Human Rights Office: Transgender/Transsexual: Contents: Women's Movement
Feminism has done a great deal to free up our notions of gender. It challenged the assumption that biology is responsible for most differences between women and men. It was not biology that kept women "pregnant and in the kitchen," but a patriarchal system that benefited from women playing a particular role in society. The belief that biology predisposed us to be submissive was replaced with the knowledge that women are reinforced for being passive and punished for being assertive. The role of the family, school and popular culture in teaching gender was established. Feminist research also revealed that the differences between women and men were not as great as had been assumed. The conclusion reached by those investigating gender (sex) differences is that there are more similarities than differences between women and men. So biology, it seems, does not determine gender. Most gender differences appear to be socially constructed and imposed by a system that has valued men and devalued women.Trans Accessibility Project:
Transphobia In The Women's MovementFeminist politics begins with the rather common sense notion that there exists a group of people understood as women whose needs can be politically represented and whose objectives sought through unified action. A movement for women - what could be simpler? But implicit in this is the basic idea that we know who comprises this group since it is their political goals we will articulate. What if this ostensibly simple assumption isn't true?
- Riki Anne Wilchins (1997, p. 81)
Given feminism's understanding of gender, we might expect feminists to be natural allies of transgendered people. However, this has not been the case. In the past, transgendered women and men have been routinely alienated, if not ridiculed, by feminist and lesbian feminist groups. Many of us scorned (what we assumed to be) the traditional femininity of transgendered women and gay drag queens. Many of us have also distanced ourselves from, and felt ashamed of, the masculinity of some butch women.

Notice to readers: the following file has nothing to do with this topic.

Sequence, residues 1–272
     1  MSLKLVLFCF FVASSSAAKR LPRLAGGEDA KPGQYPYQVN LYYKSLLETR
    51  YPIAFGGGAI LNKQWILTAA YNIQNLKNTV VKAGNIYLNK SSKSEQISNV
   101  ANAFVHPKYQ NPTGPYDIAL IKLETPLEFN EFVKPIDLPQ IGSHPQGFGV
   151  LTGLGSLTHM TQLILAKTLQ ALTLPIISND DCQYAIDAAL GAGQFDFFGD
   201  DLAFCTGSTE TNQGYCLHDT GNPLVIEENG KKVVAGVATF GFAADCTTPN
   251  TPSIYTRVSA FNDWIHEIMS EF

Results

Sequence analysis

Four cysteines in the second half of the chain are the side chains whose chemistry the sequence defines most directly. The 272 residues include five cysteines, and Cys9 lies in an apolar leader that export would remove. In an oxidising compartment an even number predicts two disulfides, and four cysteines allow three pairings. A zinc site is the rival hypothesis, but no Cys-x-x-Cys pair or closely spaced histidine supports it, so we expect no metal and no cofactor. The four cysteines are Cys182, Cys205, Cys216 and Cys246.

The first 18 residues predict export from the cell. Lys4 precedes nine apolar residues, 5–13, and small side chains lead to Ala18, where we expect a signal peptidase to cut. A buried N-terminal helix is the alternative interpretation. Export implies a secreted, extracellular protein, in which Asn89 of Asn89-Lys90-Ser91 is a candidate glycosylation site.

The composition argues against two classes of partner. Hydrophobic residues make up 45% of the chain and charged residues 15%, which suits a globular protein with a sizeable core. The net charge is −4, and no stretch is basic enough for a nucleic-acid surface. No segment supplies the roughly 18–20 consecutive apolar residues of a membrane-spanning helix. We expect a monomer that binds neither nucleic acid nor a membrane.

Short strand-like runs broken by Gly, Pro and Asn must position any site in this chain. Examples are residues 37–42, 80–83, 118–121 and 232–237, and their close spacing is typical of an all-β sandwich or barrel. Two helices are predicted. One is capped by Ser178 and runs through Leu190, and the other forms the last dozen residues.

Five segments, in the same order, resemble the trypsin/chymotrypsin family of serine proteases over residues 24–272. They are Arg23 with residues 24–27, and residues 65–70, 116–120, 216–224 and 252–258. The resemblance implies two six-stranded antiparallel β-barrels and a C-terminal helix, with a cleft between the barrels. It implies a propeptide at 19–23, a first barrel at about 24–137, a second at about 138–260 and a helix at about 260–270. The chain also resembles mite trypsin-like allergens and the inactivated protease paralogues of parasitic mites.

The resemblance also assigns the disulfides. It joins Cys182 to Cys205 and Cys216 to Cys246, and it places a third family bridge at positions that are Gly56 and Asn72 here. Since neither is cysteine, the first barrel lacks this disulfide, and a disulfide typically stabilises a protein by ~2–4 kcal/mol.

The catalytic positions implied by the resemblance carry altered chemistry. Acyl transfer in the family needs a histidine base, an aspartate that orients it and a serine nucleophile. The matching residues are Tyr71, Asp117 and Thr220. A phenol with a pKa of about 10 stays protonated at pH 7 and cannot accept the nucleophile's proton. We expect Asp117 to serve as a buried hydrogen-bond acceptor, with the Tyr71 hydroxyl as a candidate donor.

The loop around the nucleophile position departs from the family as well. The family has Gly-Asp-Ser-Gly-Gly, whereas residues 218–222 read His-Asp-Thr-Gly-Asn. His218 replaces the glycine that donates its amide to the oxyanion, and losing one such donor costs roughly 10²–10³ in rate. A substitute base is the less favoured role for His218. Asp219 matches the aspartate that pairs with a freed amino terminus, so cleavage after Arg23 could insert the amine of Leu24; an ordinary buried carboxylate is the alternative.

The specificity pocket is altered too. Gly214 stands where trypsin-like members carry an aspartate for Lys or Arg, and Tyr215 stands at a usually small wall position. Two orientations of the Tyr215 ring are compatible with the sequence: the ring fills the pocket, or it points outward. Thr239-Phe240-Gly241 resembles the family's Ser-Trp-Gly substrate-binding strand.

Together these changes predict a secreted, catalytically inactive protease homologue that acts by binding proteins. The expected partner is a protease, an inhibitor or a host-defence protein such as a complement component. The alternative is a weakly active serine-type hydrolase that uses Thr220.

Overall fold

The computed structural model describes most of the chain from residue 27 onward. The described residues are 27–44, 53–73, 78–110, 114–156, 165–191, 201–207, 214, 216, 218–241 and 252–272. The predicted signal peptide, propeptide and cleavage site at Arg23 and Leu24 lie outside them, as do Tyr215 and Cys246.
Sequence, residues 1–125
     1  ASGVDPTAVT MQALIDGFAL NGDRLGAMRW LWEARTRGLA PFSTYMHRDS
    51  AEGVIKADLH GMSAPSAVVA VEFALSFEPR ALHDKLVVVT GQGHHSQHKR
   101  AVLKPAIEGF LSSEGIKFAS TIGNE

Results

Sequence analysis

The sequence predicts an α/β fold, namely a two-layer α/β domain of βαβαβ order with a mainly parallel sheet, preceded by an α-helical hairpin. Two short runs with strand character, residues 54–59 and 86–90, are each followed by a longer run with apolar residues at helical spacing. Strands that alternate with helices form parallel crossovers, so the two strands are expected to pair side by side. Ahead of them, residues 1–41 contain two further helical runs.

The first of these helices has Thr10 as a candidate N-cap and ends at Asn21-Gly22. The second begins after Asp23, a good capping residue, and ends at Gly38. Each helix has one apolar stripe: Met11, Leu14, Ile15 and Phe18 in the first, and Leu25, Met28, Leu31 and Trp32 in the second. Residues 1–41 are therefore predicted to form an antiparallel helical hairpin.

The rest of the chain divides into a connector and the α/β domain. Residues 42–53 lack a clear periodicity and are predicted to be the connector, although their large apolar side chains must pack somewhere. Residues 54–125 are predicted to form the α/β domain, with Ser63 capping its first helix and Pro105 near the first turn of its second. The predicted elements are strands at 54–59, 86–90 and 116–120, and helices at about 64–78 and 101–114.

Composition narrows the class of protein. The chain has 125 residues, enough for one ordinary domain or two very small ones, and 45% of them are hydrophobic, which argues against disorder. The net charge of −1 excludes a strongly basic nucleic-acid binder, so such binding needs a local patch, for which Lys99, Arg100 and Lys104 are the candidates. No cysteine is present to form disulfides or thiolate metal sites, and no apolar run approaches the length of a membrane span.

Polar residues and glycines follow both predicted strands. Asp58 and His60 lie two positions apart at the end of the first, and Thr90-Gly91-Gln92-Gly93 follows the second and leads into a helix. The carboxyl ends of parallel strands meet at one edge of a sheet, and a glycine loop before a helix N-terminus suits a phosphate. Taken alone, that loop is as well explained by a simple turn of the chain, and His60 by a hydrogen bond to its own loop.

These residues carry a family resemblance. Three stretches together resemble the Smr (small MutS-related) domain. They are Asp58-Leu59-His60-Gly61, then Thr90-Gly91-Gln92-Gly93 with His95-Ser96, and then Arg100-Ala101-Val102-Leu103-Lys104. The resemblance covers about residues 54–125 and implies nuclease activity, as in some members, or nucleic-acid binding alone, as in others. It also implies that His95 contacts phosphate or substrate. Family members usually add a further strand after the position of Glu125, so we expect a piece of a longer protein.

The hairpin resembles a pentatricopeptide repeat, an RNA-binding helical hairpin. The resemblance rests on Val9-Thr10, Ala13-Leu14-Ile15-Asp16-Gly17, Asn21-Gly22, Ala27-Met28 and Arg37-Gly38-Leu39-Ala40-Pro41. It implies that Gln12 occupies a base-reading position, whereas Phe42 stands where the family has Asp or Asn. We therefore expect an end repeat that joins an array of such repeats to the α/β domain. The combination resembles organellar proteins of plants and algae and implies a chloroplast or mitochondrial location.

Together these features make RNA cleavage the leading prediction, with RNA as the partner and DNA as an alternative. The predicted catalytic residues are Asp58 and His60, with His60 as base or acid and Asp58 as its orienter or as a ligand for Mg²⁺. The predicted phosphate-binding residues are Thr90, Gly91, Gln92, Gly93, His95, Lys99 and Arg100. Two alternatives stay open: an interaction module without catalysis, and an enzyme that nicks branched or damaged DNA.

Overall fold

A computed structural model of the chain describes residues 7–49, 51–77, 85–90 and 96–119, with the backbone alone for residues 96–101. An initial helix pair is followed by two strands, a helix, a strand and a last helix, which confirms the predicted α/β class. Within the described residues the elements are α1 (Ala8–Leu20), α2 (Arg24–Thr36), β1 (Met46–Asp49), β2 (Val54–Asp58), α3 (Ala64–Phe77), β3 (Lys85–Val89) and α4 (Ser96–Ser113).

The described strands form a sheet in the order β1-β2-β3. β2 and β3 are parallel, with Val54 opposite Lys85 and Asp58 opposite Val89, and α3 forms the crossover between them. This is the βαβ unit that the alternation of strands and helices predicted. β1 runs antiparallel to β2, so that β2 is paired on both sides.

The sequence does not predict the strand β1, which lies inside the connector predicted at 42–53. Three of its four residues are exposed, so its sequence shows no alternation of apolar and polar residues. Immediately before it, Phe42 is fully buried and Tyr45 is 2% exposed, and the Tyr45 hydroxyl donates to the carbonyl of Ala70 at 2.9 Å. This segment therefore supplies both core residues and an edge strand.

Feminists, in general, have made it clear that transgendered women were not welcome in social and political groups. It is interesting that many of us had problems with the conventional appearance and mannerisms of some transgendered women while accepting, and even celebrating, those same characteristics in a favourite aunt, the friendly cashier at the local grocery store, or a "lipstick" lesbian1.
Although feminism has a long history of fighting discrimination based on gender, the concept of gender identity is relatively new for most people. In the past, it seemed so straightforward. Most of us thought we knew who the women were. Even as we learned about the natural variations in women's biology (e.g., that some women have facial hair as plentiful as any man), and experimented with gender presentation, we did not question a woman's self-definition. We did not need legal documentation and we did not look for female genitalia. Now the question, "What is a woman?" has become more complicated and is at the heart of the problem for many women's organizations. Are transsexual women really women? How could someone with a penis understand herself to be female, or someone with a vagina understand himself to be male? In 1979, Janice Raymond wrote "The Transsexual Empire" in response to the presence of transsexual women in women's communities. Raymond has been referred to as an "anti-transsexual crusader"2 and has made arguments over the last 20 years to justify excluding transgendered women from the women's community. Similar arguments are also heard in shelters to justify denying services to transgendered women.
As Califia (1997) notes3, Raymond asserts that transsexualism is a recent phenomenon and one created by the medical profession. This new, unnatural thing has been constructed by men for misogynist purposes. Raymond believes that transsexual people have no history and are artificially created. The reality is that transgendered people have existed for as long as anyone else. There are reports of transgendered people among indigenous peoples, in ancient societies, and in modern societies around the world. What is new is the medical technology that can alter aspects of a person's biological sex and presentation.